Monthly Archives: October 2020

“Social Experiments” and the Common Good

Today I sent the following letter to the leaders of the four parties in the Canadian House of Commons:

Respected Sirs and Madam,

I am writing in response to the Throne Speech and to recent reports of Mr. O’Toole’s stated concerns about “social experiments”, as reported this morning by the CBC.

I am writing to all of you because I am hoping that you will all embrace one political experiment, which is to work together for the common good and not try to make partisan hay out of our current misfortunes and challenges. Of course I recognize that there is plenty of room for principled disagreement about “the common good”, and that the people you serve probably hold a muddled view of what that is. Still, it’s pretty clear when you are being principled and when you are being partisan, just by the way you speak and the amount of thought evident in what you say.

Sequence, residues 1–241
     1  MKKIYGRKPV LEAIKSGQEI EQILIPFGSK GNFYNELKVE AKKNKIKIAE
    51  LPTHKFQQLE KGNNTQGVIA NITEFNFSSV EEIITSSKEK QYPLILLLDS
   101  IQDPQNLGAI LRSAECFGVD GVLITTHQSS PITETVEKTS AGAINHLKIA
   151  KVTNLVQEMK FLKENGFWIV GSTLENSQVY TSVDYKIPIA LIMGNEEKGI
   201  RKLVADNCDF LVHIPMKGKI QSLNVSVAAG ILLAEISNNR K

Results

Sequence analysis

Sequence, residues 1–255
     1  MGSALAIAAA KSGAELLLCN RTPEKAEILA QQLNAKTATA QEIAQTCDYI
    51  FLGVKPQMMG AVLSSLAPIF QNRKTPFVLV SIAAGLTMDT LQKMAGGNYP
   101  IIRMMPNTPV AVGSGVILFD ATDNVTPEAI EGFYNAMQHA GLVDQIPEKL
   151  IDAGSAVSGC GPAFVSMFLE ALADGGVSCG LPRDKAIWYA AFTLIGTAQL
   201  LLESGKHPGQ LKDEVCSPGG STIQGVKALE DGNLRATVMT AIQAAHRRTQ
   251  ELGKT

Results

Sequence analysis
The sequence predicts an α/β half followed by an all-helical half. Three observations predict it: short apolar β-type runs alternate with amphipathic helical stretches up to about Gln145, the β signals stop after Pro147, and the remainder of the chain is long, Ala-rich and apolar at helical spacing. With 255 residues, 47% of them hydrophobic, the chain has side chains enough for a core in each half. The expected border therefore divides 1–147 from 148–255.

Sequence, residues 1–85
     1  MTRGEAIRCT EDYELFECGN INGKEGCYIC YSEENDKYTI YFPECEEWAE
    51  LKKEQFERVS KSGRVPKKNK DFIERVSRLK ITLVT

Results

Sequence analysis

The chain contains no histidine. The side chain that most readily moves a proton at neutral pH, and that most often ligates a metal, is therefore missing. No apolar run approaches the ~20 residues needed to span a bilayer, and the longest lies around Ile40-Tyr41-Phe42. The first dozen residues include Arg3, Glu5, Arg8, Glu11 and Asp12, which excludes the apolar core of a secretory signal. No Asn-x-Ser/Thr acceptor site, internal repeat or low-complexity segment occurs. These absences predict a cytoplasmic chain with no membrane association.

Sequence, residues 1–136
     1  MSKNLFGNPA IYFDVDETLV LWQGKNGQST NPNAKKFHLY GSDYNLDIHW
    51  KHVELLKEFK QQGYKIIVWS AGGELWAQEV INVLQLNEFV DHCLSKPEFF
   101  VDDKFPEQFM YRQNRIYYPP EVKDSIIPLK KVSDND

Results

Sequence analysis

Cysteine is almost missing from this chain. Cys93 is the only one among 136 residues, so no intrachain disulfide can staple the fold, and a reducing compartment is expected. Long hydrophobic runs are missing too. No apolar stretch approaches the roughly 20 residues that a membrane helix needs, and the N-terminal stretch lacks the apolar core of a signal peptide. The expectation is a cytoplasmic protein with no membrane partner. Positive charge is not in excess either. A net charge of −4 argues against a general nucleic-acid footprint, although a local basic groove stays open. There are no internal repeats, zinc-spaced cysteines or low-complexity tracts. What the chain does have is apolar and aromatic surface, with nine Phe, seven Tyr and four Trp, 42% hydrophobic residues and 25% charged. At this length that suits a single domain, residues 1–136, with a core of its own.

Neither fulsome boasting on the part of the Government, nor carping negativity on the part of the Opposition, can be seen as principled. Those kinds of speech are clearly partisan, and have no place in the current predicament.

I would identify that predicament as primarily four-fold, at the broad strategic level:

(1) The current pandemic coronavirus, and the lively probability of future ones;

(2) Excessive waste and the indiscriminate dumping of its effluents into the air (climate), water, and land;

(3) Inequality and injustice in all forms;

(4) Violence and strong-arm tactics in all forms.